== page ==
Large swathes of Kyrgyzstan’s capital suffered power and heating system outages on October 29 as a result of what officials say was an automatic shutdown provoked by a system failure of high-voltage transmission lines.
National Energy Holding, the state-run entity that runs the power sector, said the emergency suspension of operations at the city’s main power plant, or TETs, was intended to prevent damage to equipment.
Trouble at the TETs, especially occurring ahead of the coldest months of the year, will recall the events of January 2018, when thousands of homes in Bishkek endured days of cold because of a malfunction at the plant. That episode provoked considerable anger and culminated later in the arrest and prosecution of Sapar Isakov, who was prime minister at the time.
Concern was aroused on October 29 by reports of unusually large amounts of white smoke billowing out of the power plant, but officials insisted that was only steam being discharged from boilers as a precautionary measure.
Utility company Bishkekteploset confirmed that the centralized heating system had also been suspended.
“The cause is being investigated and work is currently underway to restore heat supply,” the utility company was quoted as saying by AKIpress news agency.
By the mid-afternoon, TETs director Andrei Voropayev was assuring city-dwellers that things would be restored to normal before long.
“By today, heating and energy supplies will be supplied. Citizens have nothing to worry about. We will turn on the turbine boilers, and hot water and steam will be pumped into the city,” he told Kaktus news website.
That pledge appeared to have been kept by the evening.
There is also institutional trouble brewing in the country’s power industry, however. On October 27, the board at Severelektro, the entity that runs the Bishkek power plant and provides electricity to the city, dismissed Doskul Bekmurzayev as the company’s general director. Bekmurzayev had only been in the job since September 3.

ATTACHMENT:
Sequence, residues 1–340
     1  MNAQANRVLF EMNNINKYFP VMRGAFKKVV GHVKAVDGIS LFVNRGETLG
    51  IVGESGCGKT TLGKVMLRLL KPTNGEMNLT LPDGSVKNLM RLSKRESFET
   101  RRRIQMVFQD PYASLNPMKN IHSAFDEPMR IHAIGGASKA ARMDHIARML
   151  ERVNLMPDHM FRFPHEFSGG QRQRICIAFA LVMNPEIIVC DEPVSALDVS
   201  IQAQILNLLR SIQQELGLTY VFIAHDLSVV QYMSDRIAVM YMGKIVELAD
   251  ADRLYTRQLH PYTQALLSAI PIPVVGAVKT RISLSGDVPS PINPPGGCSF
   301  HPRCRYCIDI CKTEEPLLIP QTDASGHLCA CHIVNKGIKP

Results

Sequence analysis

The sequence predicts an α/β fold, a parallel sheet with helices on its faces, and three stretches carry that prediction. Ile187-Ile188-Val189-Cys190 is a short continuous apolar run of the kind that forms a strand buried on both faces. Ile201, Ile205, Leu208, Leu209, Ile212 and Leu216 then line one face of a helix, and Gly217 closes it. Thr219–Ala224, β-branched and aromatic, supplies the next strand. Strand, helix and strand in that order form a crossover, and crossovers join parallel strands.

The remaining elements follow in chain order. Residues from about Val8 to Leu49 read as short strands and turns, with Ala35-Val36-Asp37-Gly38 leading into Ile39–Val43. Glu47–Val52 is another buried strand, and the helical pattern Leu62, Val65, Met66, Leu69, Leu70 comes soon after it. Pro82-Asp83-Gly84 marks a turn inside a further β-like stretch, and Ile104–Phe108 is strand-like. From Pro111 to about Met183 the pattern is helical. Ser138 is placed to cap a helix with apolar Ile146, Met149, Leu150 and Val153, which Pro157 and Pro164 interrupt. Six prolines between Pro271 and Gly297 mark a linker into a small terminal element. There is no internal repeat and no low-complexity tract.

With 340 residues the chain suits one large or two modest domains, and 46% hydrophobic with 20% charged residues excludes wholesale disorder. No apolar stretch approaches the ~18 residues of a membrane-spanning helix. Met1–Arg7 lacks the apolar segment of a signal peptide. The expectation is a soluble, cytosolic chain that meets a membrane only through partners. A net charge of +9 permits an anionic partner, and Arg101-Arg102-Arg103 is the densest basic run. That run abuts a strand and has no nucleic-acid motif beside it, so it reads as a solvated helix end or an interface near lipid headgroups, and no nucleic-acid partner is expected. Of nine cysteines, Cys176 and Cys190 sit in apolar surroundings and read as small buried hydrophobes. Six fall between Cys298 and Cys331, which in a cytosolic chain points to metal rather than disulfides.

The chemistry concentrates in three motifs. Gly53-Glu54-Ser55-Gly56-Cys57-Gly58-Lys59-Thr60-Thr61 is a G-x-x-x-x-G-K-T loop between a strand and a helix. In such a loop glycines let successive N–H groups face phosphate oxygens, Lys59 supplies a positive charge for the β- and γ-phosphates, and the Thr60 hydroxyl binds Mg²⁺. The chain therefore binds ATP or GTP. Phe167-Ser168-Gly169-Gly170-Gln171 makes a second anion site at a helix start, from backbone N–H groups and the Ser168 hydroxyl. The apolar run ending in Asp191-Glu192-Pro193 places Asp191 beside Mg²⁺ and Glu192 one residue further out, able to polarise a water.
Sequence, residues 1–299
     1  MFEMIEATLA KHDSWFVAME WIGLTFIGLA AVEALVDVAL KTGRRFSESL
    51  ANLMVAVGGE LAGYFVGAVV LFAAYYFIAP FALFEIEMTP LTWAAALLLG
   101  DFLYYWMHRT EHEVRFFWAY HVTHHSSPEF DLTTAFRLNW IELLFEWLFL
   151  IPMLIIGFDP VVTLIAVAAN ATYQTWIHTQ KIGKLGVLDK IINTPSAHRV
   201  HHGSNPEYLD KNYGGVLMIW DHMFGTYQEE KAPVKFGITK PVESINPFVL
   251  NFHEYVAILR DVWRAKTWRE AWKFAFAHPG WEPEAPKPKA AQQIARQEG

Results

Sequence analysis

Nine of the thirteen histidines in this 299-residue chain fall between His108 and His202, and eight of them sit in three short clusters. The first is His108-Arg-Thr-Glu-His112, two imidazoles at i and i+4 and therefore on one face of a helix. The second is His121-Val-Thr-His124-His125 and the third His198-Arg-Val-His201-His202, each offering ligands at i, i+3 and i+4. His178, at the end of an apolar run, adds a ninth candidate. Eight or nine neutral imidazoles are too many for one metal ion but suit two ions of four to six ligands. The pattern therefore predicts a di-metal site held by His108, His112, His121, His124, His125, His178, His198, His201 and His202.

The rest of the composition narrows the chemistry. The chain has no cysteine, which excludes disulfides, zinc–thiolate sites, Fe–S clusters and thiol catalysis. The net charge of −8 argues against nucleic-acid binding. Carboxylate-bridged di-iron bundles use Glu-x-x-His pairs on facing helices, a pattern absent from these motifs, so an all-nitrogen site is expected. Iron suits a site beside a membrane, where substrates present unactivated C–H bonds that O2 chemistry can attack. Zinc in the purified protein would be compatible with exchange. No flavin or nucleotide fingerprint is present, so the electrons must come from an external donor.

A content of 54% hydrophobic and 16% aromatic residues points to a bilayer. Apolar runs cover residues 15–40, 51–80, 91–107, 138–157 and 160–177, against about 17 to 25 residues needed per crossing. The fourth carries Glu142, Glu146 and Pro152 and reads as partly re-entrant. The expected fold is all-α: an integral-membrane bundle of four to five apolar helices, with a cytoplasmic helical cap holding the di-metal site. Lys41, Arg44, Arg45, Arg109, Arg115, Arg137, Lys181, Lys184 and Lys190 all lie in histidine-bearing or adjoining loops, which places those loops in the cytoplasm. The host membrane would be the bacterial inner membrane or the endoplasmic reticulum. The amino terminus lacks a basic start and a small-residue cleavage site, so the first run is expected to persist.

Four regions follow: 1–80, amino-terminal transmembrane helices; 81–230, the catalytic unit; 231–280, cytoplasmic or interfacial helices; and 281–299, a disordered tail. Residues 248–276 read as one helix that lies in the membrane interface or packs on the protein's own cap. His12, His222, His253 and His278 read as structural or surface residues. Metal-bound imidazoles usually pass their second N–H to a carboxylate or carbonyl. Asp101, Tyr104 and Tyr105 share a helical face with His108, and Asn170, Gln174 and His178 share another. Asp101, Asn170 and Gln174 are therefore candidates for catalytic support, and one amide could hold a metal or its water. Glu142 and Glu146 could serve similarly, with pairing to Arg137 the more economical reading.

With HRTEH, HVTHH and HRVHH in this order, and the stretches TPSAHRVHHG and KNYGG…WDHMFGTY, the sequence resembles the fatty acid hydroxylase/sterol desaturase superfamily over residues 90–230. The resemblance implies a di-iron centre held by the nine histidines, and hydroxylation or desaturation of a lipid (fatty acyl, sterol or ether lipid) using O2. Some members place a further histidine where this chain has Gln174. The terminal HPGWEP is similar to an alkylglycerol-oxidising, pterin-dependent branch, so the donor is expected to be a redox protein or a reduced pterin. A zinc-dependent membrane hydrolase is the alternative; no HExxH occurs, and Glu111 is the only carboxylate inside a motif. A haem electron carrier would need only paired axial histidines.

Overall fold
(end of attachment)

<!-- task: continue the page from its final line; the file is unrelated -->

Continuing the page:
A group of Severelektro employees then held a press conference on October 29 to express their discontent with their new management, describing what was happening inside their company as “lawlessness.”
“At the moment, people without any experience in the electricity industry are being appointed to positions of responsibility on the recommendation of members of parliament, deputy ministers or officials,” Tolumush Kozhomkulov, a member of the Severelektro board, told reporters.
Another Severelektro worker, engineer Arstanbek Omuraliyev, said the newly appointed general director, Ulan Astarkulov, was under criminal investigation for embezzlement. That claim could not be independently verified, and Astarkulov had no notable public profile prior to his recent appointment.
According to AKIpress, speakers at the press conference were plunged into darkness as the event coincided with the outage.
As with much of what is happening in Kyrgyzstan today, this story has a political angle.
The group of disgruntled Severelektro employees submitted a letter of protest to the president and prime minister’s offices earlier this week to complain about how the head of the National Energy Holding, Aitmamat Nazarov, had recently violated election laws.
Nazarov ran for a seat with the Kyrgyzstan Party in the October 4 parliamentary elections, the results of which have since been revoked, but he failed to quit his government post while campaigning was ongoing, as required by law, the petition stated.
“And now he continues to engage in arbitrary decision-making, ignoring the opinions of his workers,” the letter said.
Signatories warned that personnel confusion on the eve of the fall-winter heating seasons could be fraught with potential negative consequences.
“This is not a time for political intrigues and reshuffles,” they wrote.